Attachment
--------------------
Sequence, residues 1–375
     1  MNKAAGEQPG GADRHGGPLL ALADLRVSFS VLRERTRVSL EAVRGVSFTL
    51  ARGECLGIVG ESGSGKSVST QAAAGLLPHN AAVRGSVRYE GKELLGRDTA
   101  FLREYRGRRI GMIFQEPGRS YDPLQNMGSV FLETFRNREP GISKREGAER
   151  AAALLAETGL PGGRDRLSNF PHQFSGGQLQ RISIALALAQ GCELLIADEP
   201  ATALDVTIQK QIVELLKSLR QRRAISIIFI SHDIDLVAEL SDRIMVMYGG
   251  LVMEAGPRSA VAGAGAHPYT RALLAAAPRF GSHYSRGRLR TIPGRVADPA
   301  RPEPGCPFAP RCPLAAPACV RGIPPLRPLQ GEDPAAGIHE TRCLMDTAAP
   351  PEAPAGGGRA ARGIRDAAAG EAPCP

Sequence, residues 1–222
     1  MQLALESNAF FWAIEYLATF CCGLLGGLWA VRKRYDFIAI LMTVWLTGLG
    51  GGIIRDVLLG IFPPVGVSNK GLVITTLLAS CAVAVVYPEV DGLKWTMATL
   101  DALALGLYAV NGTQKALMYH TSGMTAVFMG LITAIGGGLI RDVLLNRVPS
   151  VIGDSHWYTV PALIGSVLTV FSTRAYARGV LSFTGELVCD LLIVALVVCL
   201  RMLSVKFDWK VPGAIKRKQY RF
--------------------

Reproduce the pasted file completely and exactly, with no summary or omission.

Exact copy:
Sequence, residues 1–375
     1  MNKAAGEQPG GADRHGGPLL ALADLRVSFS VLRERTRVSL EAVRGVSFTL
    51  ARGECLGIVG ESGSGKSVST QAAAGLLPHN AAVRGSVRYE GKELLGRDTA
   101  FLREYRGRRI GMIFQEPGRS YDPLQNMGSV FLETFRNREP GISKREGAER
   151  AAALLAETGL PGGRDRLSNF PHQFSGGQLQ RISIALALAQ GCELLIADEP
   201  ATALDVTIQK QIVELLKSLR QRRAISIIFI SHDIDLVAEL SDRIMVMYGG
   251  LVMEAGPRSA VAGAGAHPYT RALLAAAPRF GSHYSRGRLR TIPGRVADPA
   301  RPEPGCPFAP RCPLAAPACV RGIPPLRPLQ GEDPAAGIHE TRCLMDTAAP
   351  PEAPAGGGRA ARGIRDAAAG EAPCP

Sequence, residues 1–222
     1  MQLALESNAF FWAIEYLATF CCGLLGGLWA VRKRYDFIAI LMTVWLTGLG
    51  GGIIRDVLLG IFPPVGVSNK GLVITTLLAS CAVAVVYPEV DGLKWTMATL
   101  DALALGLYAV NGTQKALMYH TSGMTAVFMG LITAIGGGLI RDVLLNRVPS
   151  VIGDSHWYTV PALIGSVLTV FSTRAYARGV LSFTGELVCD LLIVALVVCL
   201  RMLSVKFDWK VPGAIKRKQY RF